TAYLORSVILLE The head of the Utah Highway Patrol's DUI squad, who was charged last week with drunken driving, has resigned.
Lt. Fred Swain submitted his resignation letter Friday morning.
"My behavior has not been consistent with the best requirements of the department," he wrote. "I can only do the right thing from this day forth. I am in need of correcting my behavior and becoming once again the type of person I once was not so long ago."
Swain was arrested for investigation of drunken driving June 23 after crashing his unmarked patrol car into a concrete barrier on the Bangerter Highway near 400 West. His blood alcohol content was 0.116, more than the state limit of 0.08, according to a police report. Swain was not injured in the crash and said he had fallen asleep at the wheel.
"His career is over," UHP Col. Scott Duncan said Friday in announcing the resignation.
Although Swain can apply to be an officer at another agency if he wants to, he will never again work for the Utah Highway Patrol.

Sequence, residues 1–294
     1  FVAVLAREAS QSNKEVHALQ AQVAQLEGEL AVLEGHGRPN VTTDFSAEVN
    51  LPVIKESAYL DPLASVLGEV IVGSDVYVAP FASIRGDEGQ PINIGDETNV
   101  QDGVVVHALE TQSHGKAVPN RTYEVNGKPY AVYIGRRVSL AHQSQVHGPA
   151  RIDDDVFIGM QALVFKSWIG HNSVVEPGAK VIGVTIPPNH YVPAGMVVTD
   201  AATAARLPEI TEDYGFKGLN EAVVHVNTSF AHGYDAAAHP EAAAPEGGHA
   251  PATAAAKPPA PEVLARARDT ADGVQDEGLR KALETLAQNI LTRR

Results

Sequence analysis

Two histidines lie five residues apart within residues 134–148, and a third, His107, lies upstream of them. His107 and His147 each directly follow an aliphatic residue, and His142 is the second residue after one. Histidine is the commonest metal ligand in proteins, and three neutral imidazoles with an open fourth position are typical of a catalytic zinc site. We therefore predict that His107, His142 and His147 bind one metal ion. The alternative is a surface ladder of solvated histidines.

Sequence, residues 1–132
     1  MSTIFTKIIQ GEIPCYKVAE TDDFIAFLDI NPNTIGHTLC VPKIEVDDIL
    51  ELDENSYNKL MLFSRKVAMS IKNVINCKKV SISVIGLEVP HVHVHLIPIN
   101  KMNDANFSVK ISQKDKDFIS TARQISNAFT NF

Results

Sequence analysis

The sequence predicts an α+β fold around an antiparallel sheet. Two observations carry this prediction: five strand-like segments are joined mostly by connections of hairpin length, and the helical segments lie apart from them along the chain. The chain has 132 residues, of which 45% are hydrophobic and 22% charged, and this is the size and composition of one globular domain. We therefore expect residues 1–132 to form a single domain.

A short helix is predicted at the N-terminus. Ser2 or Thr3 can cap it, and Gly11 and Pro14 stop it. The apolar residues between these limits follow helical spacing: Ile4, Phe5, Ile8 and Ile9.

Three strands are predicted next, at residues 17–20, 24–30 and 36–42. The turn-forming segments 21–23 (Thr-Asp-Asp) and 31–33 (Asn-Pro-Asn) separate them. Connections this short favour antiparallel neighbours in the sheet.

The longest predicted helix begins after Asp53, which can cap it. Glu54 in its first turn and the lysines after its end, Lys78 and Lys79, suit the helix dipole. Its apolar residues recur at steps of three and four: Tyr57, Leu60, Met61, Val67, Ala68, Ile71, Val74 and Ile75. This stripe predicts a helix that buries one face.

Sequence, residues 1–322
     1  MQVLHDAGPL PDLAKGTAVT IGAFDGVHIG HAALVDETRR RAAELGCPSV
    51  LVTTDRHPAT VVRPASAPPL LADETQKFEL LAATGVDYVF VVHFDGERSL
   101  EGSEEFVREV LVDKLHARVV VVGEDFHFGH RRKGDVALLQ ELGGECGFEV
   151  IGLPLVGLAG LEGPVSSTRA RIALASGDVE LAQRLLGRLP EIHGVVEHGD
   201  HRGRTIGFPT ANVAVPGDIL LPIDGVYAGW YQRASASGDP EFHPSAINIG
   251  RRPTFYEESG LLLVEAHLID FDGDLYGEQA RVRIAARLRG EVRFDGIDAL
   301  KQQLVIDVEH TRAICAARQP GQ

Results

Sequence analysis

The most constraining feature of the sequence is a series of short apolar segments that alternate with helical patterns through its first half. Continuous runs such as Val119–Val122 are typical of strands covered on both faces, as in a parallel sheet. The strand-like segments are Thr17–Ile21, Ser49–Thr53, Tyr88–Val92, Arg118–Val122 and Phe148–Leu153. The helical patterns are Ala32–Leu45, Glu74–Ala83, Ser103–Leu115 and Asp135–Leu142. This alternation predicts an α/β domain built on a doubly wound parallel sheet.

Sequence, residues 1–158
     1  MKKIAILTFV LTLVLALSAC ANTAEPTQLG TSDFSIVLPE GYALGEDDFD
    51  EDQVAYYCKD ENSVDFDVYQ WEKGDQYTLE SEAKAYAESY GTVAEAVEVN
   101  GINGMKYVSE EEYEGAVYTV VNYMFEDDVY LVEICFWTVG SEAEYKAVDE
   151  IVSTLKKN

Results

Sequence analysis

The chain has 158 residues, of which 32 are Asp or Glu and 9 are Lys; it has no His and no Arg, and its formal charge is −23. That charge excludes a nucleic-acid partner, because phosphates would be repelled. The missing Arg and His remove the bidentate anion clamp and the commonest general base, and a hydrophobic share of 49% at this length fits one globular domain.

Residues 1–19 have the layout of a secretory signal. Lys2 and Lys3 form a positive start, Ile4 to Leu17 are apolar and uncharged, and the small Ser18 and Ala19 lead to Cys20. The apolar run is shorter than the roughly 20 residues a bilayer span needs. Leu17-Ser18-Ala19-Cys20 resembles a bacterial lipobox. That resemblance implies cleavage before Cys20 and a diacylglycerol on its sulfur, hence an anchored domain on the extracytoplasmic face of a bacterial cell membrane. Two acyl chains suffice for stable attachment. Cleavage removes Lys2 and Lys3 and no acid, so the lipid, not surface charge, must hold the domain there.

An internal investigation into the incident was continuing Friday. Duncan said the investigation would look into the circumstances of that evening. Until the investigation is completed, Duncan said he couldn't comment on what Swain was doing prior to the crash.
But he said that Swain had admitted to him Friday that he had been battling a drinking problem for the past two years.
"No one had any idea it was happening," Duncan said.
Swain, who was head of four squads with the Department of Public Safety, including DUI, SWAT and K9s, performed all his duties successfully during those two years, just as he had done for the past 15 years, Duncan said.
Swain said that while the pressures of his numerous responsibilities may have helped fuel his drinking problem, they weren't the root cause of it.
"He's not using it as an excuse," Duncan said.
The drunken-driving incident wasn't discovered by the media until nearly a week after it happened. Duncan said administrators struggled with whether to release the information immediately or wait until the internal investigation was completed. But he stressed there was never an attempt to hide what happened.
"There's no way we'd ever think of trying to cover something like this up," Duncan said.
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